UNIX flavor consolidation: due to the efforts of IBM (contributed the AIX JFS under the GPL), HP, Compaq and SGI (contributed the IRIX XFS under the GPL too) and some others it's most likely, that AIX, HP-UX, Tru64 and IRIX will vanish in the medium to long run and being replaced by GNU/Linux or it's successor. Then only the reference UNIX of Sun, Solaris, and Apples NextSTEP successor, Mac OS X will stay in the UNIX world as own contributions; maybe also OpenUNIX (Caldera), FreeBSD or other BSD UNIX systems will live on too. Anyway, standard efforts like the FHS (File system Hierarchy Standard), LSB (Linux Standard Base) and UNIX 98 (and its successor[s]) should reduce the differences between any different kinds of UNIX further, and altogether the management of UNIX systems will be eased up further a lot.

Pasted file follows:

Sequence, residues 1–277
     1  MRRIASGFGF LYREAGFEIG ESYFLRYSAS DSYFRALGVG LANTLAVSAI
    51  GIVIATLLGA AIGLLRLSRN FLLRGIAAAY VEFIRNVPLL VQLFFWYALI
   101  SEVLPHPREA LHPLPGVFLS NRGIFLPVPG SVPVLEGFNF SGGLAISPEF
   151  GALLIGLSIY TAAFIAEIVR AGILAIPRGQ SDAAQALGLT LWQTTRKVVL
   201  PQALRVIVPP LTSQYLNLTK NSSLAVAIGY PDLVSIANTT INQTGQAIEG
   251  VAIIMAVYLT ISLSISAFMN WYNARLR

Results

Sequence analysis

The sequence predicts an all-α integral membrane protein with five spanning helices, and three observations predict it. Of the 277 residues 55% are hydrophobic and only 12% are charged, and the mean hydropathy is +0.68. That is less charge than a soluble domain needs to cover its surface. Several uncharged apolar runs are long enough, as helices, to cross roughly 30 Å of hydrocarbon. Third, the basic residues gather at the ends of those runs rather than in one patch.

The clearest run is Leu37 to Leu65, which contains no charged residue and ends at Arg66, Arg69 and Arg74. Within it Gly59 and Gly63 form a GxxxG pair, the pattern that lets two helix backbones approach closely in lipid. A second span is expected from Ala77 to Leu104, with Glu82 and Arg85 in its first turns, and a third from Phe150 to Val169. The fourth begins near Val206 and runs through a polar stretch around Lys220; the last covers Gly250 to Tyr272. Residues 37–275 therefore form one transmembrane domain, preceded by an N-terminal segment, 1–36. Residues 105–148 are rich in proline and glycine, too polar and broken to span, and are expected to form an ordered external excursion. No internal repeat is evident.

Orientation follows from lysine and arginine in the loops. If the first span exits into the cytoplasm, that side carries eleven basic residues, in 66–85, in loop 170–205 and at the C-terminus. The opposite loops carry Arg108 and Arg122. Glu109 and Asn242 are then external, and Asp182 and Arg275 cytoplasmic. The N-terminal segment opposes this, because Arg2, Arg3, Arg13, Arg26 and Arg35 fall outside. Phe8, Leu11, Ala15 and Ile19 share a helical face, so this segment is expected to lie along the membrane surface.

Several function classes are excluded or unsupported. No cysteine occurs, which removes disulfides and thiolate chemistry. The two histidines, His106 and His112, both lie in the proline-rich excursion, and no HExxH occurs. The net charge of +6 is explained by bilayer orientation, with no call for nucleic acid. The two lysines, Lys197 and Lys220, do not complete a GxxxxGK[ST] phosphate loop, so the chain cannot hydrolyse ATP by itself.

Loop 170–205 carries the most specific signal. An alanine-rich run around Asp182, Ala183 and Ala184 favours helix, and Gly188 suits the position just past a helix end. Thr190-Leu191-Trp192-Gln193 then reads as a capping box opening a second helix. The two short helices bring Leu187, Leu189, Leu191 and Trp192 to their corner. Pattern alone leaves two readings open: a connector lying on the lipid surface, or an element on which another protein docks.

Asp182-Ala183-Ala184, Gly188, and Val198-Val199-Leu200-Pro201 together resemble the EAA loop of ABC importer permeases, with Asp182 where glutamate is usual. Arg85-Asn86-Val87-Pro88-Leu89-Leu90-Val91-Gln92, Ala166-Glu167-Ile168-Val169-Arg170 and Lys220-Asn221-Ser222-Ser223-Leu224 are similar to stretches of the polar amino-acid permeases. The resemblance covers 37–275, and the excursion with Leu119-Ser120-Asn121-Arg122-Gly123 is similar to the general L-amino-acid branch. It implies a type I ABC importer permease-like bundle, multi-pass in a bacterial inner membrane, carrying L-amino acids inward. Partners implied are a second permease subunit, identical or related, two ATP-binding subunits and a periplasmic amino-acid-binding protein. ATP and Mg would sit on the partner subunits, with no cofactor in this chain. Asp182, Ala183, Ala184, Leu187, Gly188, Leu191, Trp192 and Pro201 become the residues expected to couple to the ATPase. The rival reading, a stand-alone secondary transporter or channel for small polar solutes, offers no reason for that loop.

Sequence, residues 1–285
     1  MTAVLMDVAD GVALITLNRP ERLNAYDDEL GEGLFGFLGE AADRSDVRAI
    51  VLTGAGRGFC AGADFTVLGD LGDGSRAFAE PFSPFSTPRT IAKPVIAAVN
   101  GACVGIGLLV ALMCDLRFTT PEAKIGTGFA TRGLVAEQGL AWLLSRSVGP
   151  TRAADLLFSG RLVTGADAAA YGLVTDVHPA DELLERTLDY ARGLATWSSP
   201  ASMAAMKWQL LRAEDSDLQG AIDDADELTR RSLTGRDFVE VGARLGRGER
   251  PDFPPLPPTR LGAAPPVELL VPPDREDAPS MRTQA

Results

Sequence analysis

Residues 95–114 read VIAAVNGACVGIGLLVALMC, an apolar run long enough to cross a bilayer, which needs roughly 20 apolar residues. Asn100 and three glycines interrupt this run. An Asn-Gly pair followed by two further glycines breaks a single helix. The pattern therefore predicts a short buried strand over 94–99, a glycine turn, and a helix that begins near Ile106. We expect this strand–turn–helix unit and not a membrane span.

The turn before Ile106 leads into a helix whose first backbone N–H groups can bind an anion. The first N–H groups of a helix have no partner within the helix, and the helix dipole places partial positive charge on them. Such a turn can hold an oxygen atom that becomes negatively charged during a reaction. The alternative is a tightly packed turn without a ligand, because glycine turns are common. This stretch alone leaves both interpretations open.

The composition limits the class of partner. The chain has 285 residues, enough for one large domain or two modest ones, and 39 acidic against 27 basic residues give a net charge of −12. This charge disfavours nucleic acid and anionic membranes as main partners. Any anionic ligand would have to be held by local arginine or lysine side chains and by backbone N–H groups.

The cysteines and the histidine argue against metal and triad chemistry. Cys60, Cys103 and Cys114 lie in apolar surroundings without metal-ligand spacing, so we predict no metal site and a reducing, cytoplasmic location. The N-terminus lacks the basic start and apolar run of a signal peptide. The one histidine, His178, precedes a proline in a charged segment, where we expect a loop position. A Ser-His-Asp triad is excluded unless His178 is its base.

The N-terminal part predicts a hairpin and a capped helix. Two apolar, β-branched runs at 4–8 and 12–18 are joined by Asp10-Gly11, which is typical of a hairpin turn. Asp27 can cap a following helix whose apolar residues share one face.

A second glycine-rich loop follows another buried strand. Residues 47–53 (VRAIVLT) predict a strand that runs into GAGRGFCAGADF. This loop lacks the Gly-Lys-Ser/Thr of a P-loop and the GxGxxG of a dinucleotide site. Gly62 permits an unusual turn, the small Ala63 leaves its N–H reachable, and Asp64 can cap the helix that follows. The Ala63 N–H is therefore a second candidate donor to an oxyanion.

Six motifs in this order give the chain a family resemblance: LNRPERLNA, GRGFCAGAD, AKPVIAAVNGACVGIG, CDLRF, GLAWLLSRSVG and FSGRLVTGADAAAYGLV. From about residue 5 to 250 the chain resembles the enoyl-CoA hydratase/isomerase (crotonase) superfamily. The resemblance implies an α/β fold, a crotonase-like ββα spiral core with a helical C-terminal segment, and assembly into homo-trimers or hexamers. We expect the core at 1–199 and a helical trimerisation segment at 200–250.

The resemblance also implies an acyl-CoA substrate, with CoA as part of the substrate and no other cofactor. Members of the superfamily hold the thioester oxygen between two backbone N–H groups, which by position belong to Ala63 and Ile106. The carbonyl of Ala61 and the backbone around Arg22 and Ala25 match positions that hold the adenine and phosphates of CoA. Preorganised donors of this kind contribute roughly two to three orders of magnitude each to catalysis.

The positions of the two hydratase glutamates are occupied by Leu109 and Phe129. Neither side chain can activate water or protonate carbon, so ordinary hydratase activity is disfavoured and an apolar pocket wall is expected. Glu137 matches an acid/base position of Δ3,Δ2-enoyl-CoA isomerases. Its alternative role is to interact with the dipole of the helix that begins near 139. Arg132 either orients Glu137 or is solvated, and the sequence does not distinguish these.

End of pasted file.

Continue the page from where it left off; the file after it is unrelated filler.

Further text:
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remarks etc. to: stefan.urbat@apastron.lb.shuttle.de

(URL:  http://www.lb.shuttle.de/apastron/uniForce.htm)